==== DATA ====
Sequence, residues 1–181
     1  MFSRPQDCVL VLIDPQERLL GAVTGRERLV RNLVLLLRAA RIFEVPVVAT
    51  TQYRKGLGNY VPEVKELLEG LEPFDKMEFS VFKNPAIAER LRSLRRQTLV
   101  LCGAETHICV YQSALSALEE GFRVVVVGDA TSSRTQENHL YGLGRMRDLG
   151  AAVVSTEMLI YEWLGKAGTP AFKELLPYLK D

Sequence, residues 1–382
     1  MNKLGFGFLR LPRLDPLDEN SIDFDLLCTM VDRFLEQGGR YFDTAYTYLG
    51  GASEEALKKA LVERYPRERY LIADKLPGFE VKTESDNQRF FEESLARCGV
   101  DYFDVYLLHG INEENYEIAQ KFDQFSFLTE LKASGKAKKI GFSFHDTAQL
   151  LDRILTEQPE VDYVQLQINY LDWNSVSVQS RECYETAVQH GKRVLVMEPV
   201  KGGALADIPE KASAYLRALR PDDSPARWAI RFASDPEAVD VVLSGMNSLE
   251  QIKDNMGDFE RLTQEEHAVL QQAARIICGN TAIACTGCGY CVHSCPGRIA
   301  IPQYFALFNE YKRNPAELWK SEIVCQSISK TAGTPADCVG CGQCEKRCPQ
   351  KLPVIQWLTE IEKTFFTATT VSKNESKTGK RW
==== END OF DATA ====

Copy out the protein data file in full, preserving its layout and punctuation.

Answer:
Sequence, residues 1–181
     1  MFSRPQDCVL VLIDPQERLL GAVTGRERLV RNLVLLLRAA RIFEVPVVAT
    51  TQYRKGLGNY VPEVKELLEG LEPFDKMEFS VFKNPAIAER LRSLRRQTLV
   101  LCGAETHICV YQSALSALEE GFRVVVVGDA TSSRTQENHL YGLGRMRDLG
   151  AAVVSTEMLI YEWLGKAGTP AFKELLPYLK D

Sequence, residues 1–382
     1  MNKLGFGFLR LPRLDPLDEN SIDFDLLCTM VDRFLEQGGR YFDTAYTYLG
    51  GASEEALKKA LVERYPRERY LIADKLPGFE VKTESDNQRF FEESLARCGV
   101  DYFDVYLLHG INEENYEIAQ KFDQFSFLTE LKASGKAKKI GFSFHDTAQL
   151  LDRILTEQPE VDYVQLQINY LDWNSVSVQS RECYETAVQH GKRVLVMEPV
   201  KGGALADIPE KASAYLRALR PDDSPARWAI RFASDPEAVD VVLSGMNSLE
   251  QIKDNMGDFE RLTQEEHAVL QQAARIICGN TAIACTGCGY CVHSCPGRIA
   301  IPQYFALFNE YKRNPAELWK SEIVCQSISK TAGTPADCVG CGQCEKRCPQ
   351  KLPVIQWLTE IEKTFFTATT VSKNESKTGK RW